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On Demand Video

A More Perfect Person: Legal and Ethical Issues Related to Cyborgs, Genes and Human Enhancement

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This course examines current legal and ethical debates surrounding human enhancement technologies. A panel of experts will discuss how emerging technologies such as interactive prosthetics and cyborg advances have changed the person-property continuum. This program will cover a myriad of legal and ethical questions arising from the human genome project, stem cell research, organ printing and nano-technologies. Participants will learn the sides of the current legal debate over a variety of fascinating issues, including: At what point does a human being become a machine? Can human gene sequences be patented and sold by companies? Can insurance companies discriminate based on genetic test results? In this course, lawyers will:

  • Understand the full range of legal and ethical issues arising from recent developments in human bio-technology.
  • Understand the legal debate concerning the commercialization of the human genome, stem-cell research and organ printing.

 

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PRICE: $129.00



 

 

1:30-2:30pm  

Person or Property?  
Which implants may cost a person their individual rights? What was once considered science-fiction is fast becoming reality. In this segment, lawyers will examine who owns and can profit from genetic testing, human tissue and organs? This section will explore some fascinating legal questions: Is it legal to combine human and animal DNA to create a super-pet (a chimera)? Can a person sell their organs or stem cells? Who owns discarded tissue and organs and genetic test results? What are the legal restrictions on stem cell research?

2:30-3:30pm  

Genomics—Is it Legal to Change My Eye Color?   
In this segment, lawyer will explore interesting legal questions related to the human genome project and its medical and cosmetic applications. Some of the issues that will be addressed include: How can “good” and “bad” uses of gene therapy be distinguished—and should the law make such distinctions? Who decides which traits are normal and which constitute a disability or disorder—and should the law forbid genetic modifications? Should people be legally allowed to use gene therapy to enhance basic human traits such as height, intelligence, or athletic ability?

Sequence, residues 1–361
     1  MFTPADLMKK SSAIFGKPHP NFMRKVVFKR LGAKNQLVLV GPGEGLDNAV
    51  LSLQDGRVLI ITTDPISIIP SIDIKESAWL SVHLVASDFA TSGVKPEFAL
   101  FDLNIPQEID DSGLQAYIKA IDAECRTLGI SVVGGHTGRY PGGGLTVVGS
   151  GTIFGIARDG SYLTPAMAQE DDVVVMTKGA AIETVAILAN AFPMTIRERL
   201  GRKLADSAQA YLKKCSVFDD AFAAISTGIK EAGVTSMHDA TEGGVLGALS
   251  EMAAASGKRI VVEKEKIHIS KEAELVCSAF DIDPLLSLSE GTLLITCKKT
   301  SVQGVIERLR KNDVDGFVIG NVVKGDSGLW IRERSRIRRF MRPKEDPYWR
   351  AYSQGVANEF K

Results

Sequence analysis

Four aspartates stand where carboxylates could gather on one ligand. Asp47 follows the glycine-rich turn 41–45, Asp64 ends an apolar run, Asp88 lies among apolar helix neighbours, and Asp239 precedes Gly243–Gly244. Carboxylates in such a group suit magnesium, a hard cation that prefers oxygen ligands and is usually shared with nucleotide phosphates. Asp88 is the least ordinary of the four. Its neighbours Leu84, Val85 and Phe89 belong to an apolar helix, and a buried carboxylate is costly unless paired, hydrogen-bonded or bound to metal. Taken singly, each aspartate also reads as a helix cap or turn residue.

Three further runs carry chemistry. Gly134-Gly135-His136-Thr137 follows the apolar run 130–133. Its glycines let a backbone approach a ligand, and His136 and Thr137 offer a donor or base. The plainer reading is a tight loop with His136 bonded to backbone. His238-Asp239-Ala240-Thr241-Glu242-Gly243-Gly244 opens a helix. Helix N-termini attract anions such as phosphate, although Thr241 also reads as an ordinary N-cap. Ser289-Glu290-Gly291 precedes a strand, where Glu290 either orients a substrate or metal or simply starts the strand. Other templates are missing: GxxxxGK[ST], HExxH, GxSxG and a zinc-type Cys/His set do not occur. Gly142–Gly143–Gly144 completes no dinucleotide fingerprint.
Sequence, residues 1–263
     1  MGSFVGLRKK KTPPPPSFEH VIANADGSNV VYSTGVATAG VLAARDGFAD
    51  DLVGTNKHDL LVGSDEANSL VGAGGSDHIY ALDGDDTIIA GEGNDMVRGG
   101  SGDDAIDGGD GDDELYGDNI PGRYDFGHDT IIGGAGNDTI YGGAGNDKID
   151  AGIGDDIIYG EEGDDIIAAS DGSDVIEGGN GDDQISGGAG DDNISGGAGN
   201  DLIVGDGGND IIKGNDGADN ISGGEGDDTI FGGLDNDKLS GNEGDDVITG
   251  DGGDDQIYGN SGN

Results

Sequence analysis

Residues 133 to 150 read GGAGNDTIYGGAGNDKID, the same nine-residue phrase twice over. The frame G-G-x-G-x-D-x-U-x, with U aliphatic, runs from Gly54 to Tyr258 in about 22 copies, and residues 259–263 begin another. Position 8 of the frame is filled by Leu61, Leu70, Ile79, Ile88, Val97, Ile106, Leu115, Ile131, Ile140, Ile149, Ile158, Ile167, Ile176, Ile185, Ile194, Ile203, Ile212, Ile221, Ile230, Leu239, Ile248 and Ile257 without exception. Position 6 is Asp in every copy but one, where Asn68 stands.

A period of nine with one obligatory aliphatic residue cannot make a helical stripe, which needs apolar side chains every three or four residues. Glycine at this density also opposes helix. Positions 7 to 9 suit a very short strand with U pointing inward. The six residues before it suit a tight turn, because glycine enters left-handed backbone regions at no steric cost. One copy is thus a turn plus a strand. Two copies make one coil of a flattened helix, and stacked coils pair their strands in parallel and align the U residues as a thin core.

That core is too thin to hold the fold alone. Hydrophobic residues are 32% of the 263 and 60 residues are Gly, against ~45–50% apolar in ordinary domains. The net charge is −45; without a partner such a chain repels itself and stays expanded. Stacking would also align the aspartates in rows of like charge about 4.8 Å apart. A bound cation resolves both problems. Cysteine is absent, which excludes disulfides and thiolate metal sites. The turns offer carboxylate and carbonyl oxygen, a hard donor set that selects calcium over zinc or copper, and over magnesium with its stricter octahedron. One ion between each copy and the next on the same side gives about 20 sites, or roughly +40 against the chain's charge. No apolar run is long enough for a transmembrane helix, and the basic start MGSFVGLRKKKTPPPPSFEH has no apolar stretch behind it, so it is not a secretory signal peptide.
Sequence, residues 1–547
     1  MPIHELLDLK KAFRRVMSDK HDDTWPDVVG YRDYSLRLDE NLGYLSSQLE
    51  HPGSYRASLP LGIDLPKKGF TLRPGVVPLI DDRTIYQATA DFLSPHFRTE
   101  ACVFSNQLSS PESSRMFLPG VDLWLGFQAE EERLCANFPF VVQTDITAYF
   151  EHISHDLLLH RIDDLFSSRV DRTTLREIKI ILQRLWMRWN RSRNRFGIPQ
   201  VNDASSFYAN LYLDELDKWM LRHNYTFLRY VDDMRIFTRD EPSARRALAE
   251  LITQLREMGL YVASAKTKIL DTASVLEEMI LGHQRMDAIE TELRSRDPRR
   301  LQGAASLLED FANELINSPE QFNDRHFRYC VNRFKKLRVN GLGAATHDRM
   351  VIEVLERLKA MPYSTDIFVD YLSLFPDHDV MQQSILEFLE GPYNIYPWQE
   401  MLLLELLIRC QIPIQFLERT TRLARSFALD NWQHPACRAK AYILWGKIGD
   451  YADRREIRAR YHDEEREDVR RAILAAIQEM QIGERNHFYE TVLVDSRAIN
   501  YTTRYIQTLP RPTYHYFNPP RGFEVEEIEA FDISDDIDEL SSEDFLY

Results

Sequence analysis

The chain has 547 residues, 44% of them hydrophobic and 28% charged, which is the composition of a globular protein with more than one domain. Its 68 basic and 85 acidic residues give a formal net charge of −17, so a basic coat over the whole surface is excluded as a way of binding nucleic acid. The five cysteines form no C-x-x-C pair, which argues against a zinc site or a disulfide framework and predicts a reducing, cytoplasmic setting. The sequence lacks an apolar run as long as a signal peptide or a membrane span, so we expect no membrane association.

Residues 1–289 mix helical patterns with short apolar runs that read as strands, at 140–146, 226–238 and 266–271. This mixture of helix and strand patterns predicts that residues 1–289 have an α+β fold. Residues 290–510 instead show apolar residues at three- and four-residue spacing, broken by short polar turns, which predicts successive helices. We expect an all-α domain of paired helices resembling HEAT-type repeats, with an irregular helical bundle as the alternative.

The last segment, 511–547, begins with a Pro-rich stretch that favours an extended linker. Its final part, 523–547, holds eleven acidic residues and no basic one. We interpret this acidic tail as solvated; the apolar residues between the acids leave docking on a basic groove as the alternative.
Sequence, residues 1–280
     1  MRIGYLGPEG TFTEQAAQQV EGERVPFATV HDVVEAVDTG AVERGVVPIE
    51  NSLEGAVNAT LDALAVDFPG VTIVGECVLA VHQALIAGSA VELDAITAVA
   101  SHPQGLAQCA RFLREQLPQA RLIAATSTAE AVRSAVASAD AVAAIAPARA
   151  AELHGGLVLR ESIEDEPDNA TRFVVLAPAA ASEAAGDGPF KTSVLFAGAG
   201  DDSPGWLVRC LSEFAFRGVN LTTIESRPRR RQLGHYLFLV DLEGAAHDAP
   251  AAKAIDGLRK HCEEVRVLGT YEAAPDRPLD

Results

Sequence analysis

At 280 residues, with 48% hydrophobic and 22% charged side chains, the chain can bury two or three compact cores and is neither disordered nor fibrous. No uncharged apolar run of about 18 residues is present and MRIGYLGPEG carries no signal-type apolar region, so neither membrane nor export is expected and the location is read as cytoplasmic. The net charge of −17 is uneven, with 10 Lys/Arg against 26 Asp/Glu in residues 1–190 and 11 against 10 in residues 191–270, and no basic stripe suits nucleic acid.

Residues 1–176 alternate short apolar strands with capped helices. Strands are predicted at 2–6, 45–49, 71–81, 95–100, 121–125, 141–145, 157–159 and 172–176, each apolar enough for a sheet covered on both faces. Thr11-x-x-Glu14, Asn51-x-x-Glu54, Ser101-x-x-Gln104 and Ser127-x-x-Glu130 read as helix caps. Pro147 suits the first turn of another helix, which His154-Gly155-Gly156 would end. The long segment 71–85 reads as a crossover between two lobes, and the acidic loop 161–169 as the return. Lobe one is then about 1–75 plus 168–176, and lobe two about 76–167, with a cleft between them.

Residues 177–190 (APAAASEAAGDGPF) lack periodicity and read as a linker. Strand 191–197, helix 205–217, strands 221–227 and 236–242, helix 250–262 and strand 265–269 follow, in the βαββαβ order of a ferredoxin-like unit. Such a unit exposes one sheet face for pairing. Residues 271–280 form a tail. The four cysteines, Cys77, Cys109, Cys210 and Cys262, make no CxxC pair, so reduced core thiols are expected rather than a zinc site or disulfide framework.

Jeffrey Stec

Jeffrey Stec, J.D. has been a licensed lawyer since 1992, having practiced in the area of complex-family matters, including estate, divorce, and child custody disputes. Jeff developed his collaborative skills by becoming a certified mediator and strategic planning facilitator, specializing in family issues. Jeff has developed an expertise in the collaborative resolution of disputes, and in addition to his work with The Likeable Lawyer, he is currently a sought-after consultant who works with non-profits and municipalities to fashion solutions to complex organizational and community issues. Jeffrey graduated with honors from the University of Michigan Law School, and earned a Bachelor of Arts in English with high honors from the University of Michigan.


Sander Rabin

A former ophthalmic surgeon and biomedical patent attorney, Sander Rabin, MD, JD speaks, writes, and consults on the ethical, legal, and policy implications of human enhancement, artificial intelligence and transhumanism. He is the executive director of The Center for Transhuman Jurisprudence, Inc. a not-for-profit organization he founded, whose mission is to educate and empower people in making the choices that are and will be available to them in enhancing their minds, bodies, genomes, longevity, and progeny.


Linda Glenn

Linda MacDonald Glenn is an attorney, bioethics professor, and futurist. Her research encompasses the legal, ethical, and social impact of exponential technologies and "evolving notions of personhood." She holds appointments at the Alden March Bioethics Institute at Albany Medical Center and California State University Monterey Bay. Linda is a Fellow at the Institute for Emerging Technologies, a Fellow of the American Bar Foundation, and she has lectured at Singularity University. Linda pioneered in the area of bioethics law, with the U.S. Supreme Court, in Cruzan vs. Director, Missouri Dept. of Health, citing one of her cases. She has advised governmental leaders and agencies and published numerous articles including Ethical Issues in Transgenics and Genetic Engineering at Actionbioscience.org, Human-Machine Mergers (or the Cyborgs Cometh), Issues in Regenerative Nanomedicine and The Moveable Feast: Legal, Ethical and Social Implications of Converging Technologies On Our Dinner Tables. She has made numerous media appearances, including the History Channel, Science Channel, and NPR.


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Credit Reporting

Our courses are approved in almost all states that have CLE requirements. Accreditation for a particular course will vary by state. Please use our CLE calculator for CLE credit available in your state. For more information, visit our FAQ.









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"I was pleasantly surprised with the depth or probing of human motivations and the promotion of seeking win-win resolutions, a trait that I find sorely missing in the profession."
Mark Baker,
Attorney



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Deborah Truitt,
Truitt and Lyons



"Thought provoking, entertaining and informative. The instructor made the material come to life."
Gretchen Jacobs,
Arizona Governmental Affairs



"The course exceeded my expectations. The workbook was excellent and the use of film clips made the course enjoyable."
Lindsey Chepke,
Attorney, Duke University



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Scott Allinson,
Norris, McLaughlin & Marcus